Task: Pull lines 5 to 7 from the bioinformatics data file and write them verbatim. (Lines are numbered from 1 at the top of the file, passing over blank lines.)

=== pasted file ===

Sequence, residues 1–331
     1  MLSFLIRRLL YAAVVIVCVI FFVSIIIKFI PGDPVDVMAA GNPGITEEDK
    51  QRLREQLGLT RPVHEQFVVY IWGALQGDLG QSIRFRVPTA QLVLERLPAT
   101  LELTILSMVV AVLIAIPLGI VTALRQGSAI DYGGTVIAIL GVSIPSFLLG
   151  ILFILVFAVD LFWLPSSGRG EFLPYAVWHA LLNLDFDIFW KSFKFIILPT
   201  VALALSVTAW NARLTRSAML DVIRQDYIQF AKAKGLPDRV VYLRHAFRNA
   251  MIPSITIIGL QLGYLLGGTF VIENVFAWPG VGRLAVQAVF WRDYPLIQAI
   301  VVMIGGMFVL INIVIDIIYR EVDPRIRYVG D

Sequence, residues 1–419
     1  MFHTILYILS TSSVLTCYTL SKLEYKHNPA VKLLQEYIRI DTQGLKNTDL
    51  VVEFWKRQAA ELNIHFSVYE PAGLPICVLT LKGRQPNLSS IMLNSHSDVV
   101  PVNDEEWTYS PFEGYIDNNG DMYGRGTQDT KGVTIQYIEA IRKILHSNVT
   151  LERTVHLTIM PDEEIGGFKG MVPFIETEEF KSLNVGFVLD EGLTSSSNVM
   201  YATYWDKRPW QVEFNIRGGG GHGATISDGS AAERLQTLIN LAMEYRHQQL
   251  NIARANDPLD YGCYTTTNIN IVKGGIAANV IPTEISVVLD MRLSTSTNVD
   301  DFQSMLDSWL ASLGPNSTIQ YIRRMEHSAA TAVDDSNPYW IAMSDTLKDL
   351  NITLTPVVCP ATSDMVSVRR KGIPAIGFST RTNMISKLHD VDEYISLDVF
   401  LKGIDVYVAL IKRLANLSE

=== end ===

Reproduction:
   151  ILFILVFAVD LFWLPSSGRG EFLPYAVWHA LLNLDFDIFW KSFKFIILPT
   201  VALALSVTAW NARLTRSAML DVIRQDYIQF AKAKGLPDRV VYLRHAFRNA
   251  MIPSITIIGL QLGYLLGGTF VIENVFAWPG VGRLAVQAVF WRDYPLIQAI